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Guess Who's (Mostly) Not to Blame for Insider Trading in Pharma Stock?

A recent insider trading case regarding executives at Sequenom (SQNM) might have given you the impression that illegal stock trades in the drug business occur when folks inside a company realize big news is coming up and leak it to their friends ahead of time. But the feds' recent sweep of insider traders in the healthcare business -- uncovering unfair trades related to the stock of Pfizer (PFE), Merck (MRK), AstraZeneca (AZN), Takeda, Endo and Indevus (IDEV), among others -- shows that it is investment banks and hedge funds that drive most insider trading in healthcare, not executives inside pharmaceutical companies.

Insider trading isn't unique to the pharma sector but the industry is more vulnerable to it: clinical trial results and FDA decisions create sudden turning points for company stock that don't exist in, say, the soda pop or beer businesses.

Most companies have policies banning their executives from trading stock or helping others do that on their insider knowledge. (Also, it's illegal.) Nonetheless, the temptation is often too much, especially when executives learn that disaster is about to befall their employer, jeopardizing their personal holdings (that's what happened in the Martha Stewart-ImClone case); or that the company is about to announce a big success, creating a fortune for anyone lucky enough to buy the stock ahead of time. Those two scenarios appear to have been the motivations behind alleged insider trades at Sequenom and, 13 years ago, at Cephalon (CEPH), where seven people were charged with buying ahead of favorable trial results.

But corporate ethics policies have mostly worked in preventing employees from trading their own stock, if the FBI's recent investigation is any guide. That probe is centering on the investment banks that advise drug companies during their mergers. When one company buys another, the stock of the acquired company usually goes up and the buying company goes down, creating the opportunity for dubiously lucky trades.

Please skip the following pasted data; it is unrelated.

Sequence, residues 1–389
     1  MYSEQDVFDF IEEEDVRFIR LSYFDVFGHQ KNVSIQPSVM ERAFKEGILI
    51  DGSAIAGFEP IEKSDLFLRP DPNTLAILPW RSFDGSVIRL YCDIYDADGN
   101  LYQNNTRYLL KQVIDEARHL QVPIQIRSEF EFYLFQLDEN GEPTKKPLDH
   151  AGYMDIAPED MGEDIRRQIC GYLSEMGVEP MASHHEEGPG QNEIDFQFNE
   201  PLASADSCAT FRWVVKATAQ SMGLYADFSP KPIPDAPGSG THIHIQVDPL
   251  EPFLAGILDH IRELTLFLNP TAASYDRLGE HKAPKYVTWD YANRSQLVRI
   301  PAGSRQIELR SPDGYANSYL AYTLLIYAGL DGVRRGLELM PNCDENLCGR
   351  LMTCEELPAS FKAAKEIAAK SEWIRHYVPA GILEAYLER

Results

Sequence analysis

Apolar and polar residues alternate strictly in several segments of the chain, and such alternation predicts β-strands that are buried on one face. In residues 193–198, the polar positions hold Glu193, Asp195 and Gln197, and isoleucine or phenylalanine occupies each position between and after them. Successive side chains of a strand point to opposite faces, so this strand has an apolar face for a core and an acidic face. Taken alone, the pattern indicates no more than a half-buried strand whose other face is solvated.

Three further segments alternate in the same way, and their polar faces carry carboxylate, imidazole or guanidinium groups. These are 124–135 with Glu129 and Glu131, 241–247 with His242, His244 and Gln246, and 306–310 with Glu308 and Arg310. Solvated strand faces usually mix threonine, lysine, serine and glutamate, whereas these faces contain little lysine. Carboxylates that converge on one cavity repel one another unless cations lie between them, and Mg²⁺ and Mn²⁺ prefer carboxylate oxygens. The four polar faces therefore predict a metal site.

Igor Poteroba, an investment banker at UBS pled guilty today to doing just that on Takeda's acquisition of Millenium and Endo's buyout of Indevus, along with a bunch of smaller deals. Poteroba sent lamely coded emails to his coconspirator advising him of timely buys, such as:

Keep me posted as to how many frequent flier miles you've got this far and how many you plan to get by Friday
(Not-very-well-coded signals are a bit of a trend on Wall Street, it appears.) They netted $870,000 in illegal gains.

Earlier in the month, authorities looked at the following deals, per the Wall Street Journal:

MedImmune shares jumped 18% on April 23, 2007, the day the deal (with AZ) was announced. Trading was heavy before the announcement, driving shares up more than 50% over six weeks.

Wyeth shares rose 12% when news broke in January 2009 that it was being acquired by Pfizer. Wyeth had gained more than 20% in six weeks.

Schering's shares rose 14% on March 9, 2009, the day its acquisition by Merck was announced. On the Friday before the weekend going into the deal, the shares had risen 8%, much of that in late-day trading.

Goldman Sachs advised Schering and Medimmune; Morgan Stanley and Evercore Partners advised Wyeth. SAC Capital Advisors, Diamondback Capital Management, Jana Partners, and Balyasny Asset Management all increased their holdings prior to the transactions.

It's tough to see what drug companies could do to prevent executives at the banks that advise them from doing dirty deals. One possible solution: Insert a penalty clause into a bank's M&A advice contract that would trigger a cash payment to the drug company if insider charges are brought against any of its employees. (Don't hold your breath waiting for that, though.)

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